Packed into this eight week online experience is a deep wealth of such aha moments. Big gateways of inner-growth, self-understanding and truly luminous connections to the plant realm. If you have been waiting for the time to ignite your own inner knowing and profound direct relationship with plants, come join us!
Registration closes on April 28th and we begin as a group shortly thereafter on May 1st. See you in the field of dreams!
As a physical medicine, violets are rich indeed. Both violet leaves and flowers are edible, and are some of my favorite additions to early spring salads. The heart-shaped leaves are highly nutritive, subtly flavored, and a wonderful source of Vitamins A and C. They are also quite mucilaginous. Herbs that have mucilage are deeply soothing for our stomachs and internal mucosa, helping to ease inflamed throats and impaired digestion. Mucilage is also chock full of soluble fiber, so it can be helpful in easing constipation, feeding our beneficial digestive flora, and lowering cholesterol levels. The mucilage of violet leaves can be a lovely addition to thicken soups or a batch of pesto. I like to take a walk-about every spring morning and gather a small handful of wild greens like chickweed (Stellaria media), dandelion (Taraxacum officinalis) and violets to have with my morning eggs.
Violet flowers and leaves are considered to be a blood purifier, or alterative, and are often used as food medicine in spring cleanses. High in both Rutin and Vitamin C, the leaves help to strengthen the blood vessels, lessening varicose veins and the tendency to bruise easily (which can be particularly helpful if you like to ramble in the springtime woods). In clinical trials violets have been shown to be a rich in antioxidants (just look at the color! of course they are!), as well as anti-inflammatory and blood thinning compounds.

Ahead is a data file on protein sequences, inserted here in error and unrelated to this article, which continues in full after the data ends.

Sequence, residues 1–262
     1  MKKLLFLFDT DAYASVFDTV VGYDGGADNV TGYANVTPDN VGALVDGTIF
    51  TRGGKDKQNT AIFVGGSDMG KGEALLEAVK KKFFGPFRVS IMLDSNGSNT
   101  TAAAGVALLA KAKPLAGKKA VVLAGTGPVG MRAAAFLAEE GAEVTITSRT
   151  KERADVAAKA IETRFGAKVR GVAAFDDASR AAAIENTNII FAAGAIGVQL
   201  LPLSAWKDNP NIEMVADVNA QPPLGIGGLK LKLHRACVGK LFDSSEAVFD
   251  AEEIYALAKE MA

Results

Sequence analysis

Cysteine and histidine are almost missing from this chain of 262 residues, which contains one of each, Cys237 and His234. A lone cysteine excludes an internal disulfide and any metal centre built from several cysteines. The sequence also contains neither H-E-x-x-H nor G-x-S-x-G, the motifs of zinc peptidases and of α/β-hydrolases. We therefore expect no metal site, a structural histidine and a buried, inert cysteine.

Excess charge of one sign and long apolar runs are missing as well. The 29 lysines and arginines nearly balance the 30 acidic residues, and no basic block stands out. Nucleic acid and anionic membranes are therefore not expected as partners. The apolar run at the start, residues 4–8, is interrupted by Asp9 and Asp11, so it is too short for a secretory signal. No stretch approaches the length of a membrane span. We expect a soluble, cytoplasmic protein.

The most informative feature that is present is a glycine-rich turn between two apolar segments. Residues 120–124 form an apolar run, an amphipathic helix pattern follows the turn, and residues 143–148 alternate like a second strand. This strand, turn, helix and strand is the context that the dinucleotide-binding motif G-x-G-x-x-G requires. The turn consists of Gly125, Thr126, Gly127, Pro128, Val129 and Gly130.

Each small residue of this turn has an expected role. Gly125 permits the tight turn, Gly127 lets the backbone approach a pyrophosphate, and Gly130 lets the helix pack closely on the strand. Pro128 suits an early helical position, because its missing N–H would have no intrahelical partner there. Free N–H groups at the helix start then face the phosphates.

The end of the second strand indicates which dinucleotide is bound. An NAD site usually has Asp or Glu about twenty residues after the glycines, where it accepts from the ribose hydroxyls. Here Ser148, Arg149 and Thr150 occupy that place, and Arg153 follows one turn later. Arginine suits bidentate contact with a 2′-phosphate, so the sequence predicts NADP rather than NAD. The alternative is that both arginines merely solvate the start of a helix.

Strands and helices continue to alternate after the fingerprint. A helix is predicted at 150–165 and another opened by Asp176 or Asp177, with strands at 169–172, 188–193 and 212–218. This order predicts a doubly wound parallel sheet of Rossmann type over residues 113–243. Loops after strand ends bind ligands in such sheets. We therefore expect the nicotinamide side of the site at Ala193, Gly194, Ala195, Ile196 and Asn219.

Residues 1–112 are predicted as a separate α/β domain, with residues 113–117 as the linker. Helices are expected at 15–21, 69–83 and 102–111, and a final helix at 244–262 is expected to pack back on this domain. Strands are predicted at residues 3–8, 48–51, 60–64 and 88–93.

The Viola genus has around 550 species, including Johnny jump ups, hearts ease and pansies. Many violet species are used similarly to our familiar lawn-native, Viola sororia, but there are always differences between plants, and some woodland species are endangered so always use your head, guidebook and heart when harvesting. Violet leaves also have some toxic look a-likes so make sure to harvest when the plant is in bloom if you are in any doubt of your ID.
Violets actually have two different flowers. The characteristic purple flower we notice in spring, and a hidden white-blanched bud that flowers just underneath the surface of the soil later in the year. The common above-ground flower is what we use as food and medicine.
As a flower essence, Violet opens a space of deep self-acceptance, contentment, and individual wellbeing. Calming, steadying and maternal, the flower helps you to feel comfortable and supportive of yourself as an individual. Letting go of negative attachments and patterns of relating (especially to oneself). Violet helps us to foster good connections that come from a deep recognition of self-importance. It is often helpful during breakups, major heart transitions, or in times of self-exploration. The essence can be indicated for those who tend towards shyness and introversion as well as those who would do well to spend more time in quiet reflection and reverence of their lives.
Violet helps us to appreciate stillness— mindful observation, moments of silence, and the important joy of just being. It can expand your abilities as a listener, both to yourself as well as to others, and open you to a powerful place of acceptance. Violet encourages a commitment to be warm and generous towards oneself, it can help separate the negative feelings of loneliness from the incredible gift of alone-ness. It is sometimes within such still spaces that we recognize just how joyful it is to be ourselves, a being in springtime.